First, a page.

The original director and writer have both had their say over the years, with Johnson giving many entertaining interviews about what went wrong from his point of view, and Pogue writing an expanded novelisation that reinstated a lot of cut scenes and won greater acclaim than the film it was based on.

None of this hurt the film at the box office much and it went on to be a decent-sized hit when it reached cinemas in 1996. The more positive notices praised the design of the CG dragon and Connery’s vocal performance, which are universally agreed to be the film’s finest points, but few reviewers had much to say about the script that was such a hot property back at the start of the decade.

A direct-to-video sequel titled A New Beginning followed in 2000, and since 2015, a trilogy of prequels saw Ben Kingsley, Patrick Stewart, and Helena Bonham Carter lend their voices to new dragon characters. There’s been further speculation about a potential big-budget remake of the original film too, ranging from Johnson wishing that he could make the film again with Neeson and Connery back in 2013, to the screenwriter of the prequels, Matthew Feitshans, observing that the DTV films are keeping the brand visible for a potential big-screen revival.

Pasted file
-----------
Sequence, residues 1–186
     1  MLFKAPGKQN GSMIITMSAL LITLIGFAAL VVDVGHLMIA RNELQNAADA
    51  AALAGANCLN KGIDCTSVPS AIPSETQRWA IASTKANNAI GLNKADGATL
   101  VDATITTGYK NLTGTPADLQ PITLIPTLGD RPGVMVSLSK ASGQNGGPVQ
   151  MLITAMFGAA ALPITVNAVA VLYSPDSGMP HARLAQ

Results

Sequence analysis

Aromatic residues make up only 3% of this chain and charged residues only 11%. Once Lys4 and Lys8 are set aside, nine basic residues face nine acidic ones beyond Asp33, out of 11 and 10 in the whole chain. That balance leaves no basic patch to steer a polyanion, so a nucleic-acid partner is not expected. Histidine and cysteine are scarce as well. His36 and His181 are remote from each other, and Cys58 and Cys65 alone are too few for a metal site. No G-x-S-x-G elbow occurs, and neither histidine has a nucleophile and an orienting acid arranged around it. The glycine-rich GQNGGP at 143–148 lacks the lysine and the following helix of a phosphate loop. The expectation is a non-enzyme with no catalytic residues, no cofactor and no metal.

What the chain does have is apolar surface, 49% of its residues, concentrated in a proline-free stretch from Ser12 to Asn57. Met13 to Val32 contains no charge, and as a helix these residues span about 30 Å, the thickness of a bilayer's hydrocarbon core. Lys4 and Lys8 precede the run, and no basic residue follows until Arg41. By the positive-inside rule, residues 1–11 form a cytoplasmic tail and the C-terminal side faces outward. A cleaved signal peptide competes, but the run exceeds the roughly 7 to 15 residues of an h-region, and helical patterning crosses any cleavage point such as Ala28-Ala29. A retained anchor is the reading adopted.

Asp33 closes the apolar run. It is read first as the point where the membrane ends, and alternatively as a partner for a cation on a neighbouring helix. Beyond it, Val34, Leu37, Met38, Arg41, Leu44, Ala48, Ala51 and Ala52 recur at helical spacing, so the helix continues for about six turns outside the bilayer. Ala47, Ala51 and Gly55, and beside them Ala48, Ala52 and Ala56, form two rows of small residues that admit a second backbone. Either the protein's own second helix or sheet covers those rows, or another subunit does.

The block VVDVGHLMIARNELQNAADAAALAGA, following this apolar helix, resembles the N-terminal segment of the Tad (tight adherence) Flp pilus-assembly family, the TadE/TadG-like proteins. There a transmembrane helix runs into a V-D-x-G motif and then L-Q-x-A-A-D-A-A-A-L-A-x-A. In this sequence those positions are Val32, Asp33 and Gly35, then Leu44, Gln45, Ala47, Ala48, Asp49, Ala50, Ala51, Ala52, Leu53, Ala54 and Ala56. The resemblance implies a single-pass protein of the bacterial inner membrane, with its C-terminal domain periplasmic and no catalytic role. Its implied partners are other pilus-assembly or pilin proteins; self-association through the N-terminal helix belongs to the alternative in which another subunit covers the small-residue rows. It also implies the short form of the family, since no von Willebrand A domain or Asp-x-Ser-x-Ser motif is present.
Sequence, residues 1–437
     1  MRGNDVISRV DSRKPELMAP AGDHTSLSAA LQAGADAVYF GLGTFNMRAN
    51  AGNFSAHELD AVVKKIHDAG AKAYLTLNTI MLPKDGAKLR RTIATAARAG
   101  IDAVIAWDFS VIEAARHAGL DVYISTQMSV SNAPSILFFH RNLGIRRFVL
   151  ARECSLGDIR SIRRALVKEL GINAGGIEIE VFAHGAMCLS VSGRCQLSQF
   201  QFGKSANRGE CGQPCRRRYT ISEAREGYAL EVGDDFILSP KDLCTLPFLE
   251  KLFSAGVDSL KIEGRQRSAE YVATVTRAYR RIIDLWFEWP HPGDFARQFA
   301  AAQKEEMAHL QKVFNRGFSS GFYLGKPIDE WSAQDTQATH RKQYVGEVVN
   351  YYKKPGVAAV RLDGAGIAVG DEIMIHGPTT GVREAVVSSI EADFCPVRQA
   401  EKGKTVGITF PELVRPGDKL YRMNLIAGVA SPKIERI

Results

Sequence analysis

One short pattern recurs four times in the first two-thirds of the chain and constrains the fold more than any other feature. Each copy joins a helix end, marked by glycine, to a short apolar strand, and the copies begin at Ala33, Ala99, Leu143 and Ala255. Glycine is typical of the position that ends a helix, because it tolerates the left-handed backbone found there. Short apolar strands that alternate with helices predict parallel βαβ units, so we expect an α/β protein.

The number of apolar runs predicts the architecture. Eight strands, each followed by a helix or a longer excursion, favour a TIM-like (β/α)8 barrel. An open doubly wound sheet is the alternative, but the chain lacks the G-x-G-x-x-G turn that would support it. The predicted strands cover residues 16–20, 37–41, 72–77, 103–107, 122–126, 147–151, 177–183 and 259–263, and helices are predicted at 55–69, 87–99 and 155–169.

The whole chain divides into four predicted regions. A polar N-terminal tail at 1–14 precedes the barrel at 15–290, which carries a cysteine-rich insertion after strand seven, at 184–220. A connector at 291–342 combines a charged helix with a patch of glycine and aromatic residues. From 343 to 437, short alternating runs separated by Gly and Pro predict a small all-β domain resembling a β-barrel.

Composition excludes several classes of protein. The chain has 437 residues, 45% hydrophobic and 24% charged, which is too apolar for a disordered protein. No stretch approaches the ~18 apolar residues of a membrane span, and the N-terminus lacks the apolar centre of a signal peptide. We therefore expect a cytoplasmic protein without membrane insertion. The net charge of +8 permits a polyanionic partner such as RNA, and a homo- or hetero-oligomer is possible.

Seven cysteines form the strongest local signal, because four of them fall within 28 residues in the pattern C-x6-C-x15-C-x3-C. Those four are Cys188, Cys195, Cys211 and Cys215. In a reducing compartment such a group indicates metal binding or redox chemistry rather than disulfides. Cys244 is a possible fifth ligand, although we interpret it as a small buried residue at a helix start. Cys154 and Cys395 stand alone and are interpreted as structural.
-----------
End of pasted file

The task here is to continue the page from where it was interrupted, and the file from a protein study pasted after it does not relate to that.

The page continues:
All in all, things might have been very different if the film had been made earlier in the 1990s, but there’s one last legacy of the version we got. We’re sure Jerry Goldsmith’s score for Johnson’s version of the film would have been spectacular too, but composer Randy Edelman did a fine job and created one of the more ubiquitously reused movie anthems of the decade with the track “To The Stars”, which you can reacquaint yourself with below…

 

 

Thank you for visiting! If you’d like to support our attempts to make a non-clickbaity movie website:

Follow Film Stories on Twitter here, and on Facebook here.

Buy our Film Stories and Film Stories Junior print magazines here.

Become a Patron here.

 

Related Posts